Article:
What matters is the _ratio_ of UX to benefit.
For example, if the user will benefit immensely from your product (e.g. they will automatically get $1 million once they find their way to a certain part of your website and click a button), then they will be willing do deal with a pretty horrible UX.
Meanwhile, if they're only going to be saving $1 by choosing your product over a competitor's product, then they're not going to put any effort into dealing with an imperfect UX.
Test out your MVP with a couple people (family, friends, and if possible some strangers) before "launching" it to everyone in the world. That will give you a sense of how acceptable the ratio is for your site. The strangers will be least willing to deal with a bad UX, and your family/friends will be the most willing to deal with a bad UX.
"I am starting my own website." - This suggests this may be your first attempt?
If so, and everyone starts somewhere, then the answer would be 'yes'.
UX (the user experience) is naturally extremely important. We recently did an overhaul of our sites with a simplified and more mature UX experience. The results were outstanding, nearly doubling interaction with our visitors.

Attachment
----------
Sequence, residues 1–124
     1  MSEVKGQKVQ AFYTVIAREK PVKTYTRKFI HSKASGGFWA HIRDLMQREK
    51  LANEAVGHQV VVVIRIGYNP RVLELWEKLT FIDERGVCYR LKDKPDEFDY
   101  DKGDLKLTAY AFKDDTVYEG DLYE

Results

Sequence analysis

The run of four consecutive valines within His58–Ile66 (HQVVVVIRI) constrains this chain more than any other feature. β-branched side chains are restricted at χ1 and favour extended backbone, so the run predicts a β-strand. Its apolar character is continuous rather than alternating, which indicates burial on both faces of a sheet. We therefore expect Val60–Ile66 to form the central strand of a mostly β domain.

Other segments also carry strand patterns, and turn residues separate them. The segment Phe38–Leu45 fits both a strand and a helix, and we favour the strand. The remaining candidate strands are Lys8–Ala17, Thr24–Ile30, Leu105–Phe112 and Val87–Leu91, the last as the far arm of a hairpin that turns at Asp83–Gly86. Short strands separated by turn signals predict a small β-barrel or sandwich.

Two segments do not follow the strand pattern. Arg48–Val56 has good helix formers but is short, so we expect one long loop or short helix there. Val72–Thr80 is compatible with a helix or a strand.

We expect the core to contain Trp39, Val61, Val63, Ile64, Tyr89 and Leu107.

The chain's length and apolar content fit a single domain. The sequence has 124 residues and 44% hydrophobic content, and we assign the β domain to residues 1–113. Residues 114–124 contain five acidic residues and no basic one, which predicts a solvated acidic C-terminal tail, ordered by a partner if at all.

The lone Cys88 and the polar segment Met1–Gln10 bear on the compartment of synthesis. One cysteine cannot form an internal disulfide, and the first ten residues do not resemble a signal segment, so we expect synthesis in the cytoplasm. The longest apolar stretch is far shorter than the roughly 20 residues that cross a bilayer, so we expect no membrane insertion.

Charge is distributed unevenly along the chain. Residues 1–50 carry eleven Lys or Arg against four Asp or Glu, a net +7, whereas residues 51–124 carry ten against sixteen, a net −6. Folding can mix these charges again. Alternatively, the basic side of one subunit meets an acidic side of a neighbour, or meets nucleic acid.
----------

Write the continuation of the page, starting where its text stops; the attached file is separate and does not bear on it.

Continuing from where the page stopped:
There are MANY factors to consider, in order of importance (at the stage I am guessing you are at) - also I'll assume you are in it for the long-ish term?
1 - Value to your visitors (whatever that may be). Keep it real if you want success. There are many fake and spammy websites out there, or projects that are transparently about money and nothing else.
2 - UX: Put some thought into what your users will be doing on your site, check with sites like https://www.usertesting.com/ to see if you've made it easy for them to get around, and can direct them where needed.
3 - Stick with it, it takes time. Implement things like Google Tag Manager / Universal Analytics from day one, keep an eye on what people are doing / how long they are staying.
Hope this helps.